Gentrification tears at Istanbul's historically diverse fabric
By Ayla Jean Yackley
ISTANBUL (Reuters) - Business is brisk at Ilya Avramoglu's 78-year-old shop, one of the last owned by a non-Muslim on Istanbul's historic Istiklal avenue, but a new regulation pushing gentrification may soon force its closure.
Run by three generations of a Jewish family and little changed since the 1930s, the wood-paneled Kelebek Corset Shop survived a mob attack nearly 60 years ago and decades of economic decline by keeping up with what women wear underneath.
Now it has become a front in the battle over Istanbul's rapid development that has provoked social protest and polarized public opinion. Avramoglu has even appealed for help from Pope Francis, who is due next month to visit the city that has become a symbol of Turkey's modern prosperity.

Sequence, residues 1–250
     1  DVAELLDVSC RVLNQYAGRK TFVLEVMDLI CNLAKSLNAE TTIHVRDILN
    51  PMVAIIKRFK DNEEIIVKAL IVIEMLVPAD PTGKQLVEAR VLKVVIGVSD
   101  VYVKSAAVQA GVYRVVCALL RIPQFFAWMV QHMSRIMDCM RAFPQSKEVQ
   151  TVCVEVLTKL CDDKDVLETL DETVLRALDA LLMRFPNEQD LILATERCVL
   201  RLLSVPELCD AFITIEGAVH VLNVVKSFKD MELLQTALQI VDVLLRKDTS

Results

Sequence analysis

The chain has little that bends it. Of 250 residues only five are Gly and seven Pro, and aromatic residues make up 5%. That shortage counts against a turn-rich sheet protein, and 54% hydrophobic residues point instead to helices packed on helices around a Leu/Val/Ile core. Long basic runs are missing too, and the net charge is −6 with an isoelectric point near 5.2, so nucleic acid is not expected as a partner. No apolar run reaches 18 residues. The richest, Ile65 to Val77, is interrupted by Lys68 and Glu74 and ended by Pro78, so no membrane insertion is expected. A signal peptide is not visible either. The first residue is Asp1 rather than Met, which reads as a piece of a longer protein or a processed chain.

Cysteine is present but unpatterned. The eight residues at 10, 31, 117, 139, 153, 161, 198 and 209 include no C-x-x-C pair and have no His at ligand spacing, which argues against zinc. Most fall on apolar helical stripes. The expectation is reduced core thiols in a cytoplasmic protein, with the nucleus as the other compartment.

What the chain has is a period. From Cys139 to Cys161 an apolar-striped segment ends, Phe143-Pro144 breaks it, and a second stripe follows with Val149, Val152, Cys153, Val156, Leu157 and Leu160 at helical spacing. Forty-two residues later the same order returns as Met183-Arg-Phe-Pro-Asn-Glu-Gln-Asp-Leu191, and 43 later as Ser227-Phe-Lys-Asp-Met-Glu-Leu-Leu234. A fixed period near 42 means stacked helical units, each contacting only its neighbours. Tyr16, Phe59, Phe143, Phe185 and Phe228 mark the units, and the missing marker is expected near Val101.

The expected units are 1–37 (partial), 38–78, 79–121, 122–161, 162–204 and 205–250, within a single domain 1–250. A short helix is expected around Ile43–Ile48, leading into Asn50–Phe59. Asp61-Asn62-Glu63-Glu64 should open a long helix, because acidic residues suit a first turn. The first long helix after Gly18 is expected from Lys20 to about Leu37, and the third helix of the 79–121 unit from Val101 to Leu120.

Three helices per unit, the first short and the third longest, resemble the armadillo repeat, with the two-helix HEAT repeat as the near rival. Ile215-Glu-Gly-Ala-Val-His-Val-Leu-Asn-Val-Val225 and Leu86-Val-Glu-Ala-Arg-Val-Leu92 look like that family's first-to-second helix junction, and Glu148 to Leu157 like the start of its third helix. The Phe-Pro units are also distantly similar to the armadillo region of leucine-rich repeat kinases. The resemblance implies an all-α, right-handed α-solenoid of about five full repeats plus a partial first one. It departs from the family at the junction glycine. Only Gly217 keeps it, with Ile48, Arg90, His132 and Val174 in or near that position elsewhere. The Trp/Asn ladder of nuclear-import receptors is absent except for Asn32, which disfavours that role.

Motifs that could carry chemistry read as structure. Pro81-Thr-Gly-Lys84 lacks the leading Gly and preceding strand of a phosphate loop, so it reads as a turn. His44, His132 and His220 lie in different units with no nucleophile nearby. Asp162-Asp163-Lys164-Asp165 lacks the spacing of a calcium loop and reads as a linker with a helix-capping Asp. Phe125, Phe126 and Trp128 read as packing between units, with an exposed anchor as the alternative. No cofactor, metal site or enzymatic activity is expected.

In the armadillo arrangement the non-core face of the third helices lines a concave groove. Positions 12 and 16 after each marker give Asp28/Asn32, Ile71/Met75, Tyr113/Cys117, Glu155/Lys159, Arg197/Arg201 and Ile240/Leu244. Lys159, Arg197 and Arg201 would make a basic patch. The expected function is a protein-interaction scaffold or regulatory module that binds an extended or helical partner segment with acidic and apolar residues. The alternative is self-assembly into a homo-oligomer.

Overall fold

An amendment to commercial laws that took effect in July allows landlords to eject tenants of 10 years or more without cause, which could hit countless businesses and residents.
The rule does not target non-Muslim minorities such as Jews, Armenians and Greeks, whose numbers have fallen sharply in the past half century. However, members of these communities are among Istanbul's oldest tradesmen and are often long-term tenants, putting them at risk of eviction.
"Over the years, we watched other minorities close shop one by one," said Avramoglu, 53, who began working at the store when he was 18 and took it over when his father Borya became too frail in 2007.
"We have always been determined to stay, but now our fate isn't in our hands. This law is our death sentence."
Landlords want long-standing tenants to move out so they can lease the properties to new occupants such as chain stores and restaurants, which pay much higher rents. Greed may not always be the motive; Avramoglu's shop belongs to a local Catholic church whose congregation is much diminished and in need of money. Continued...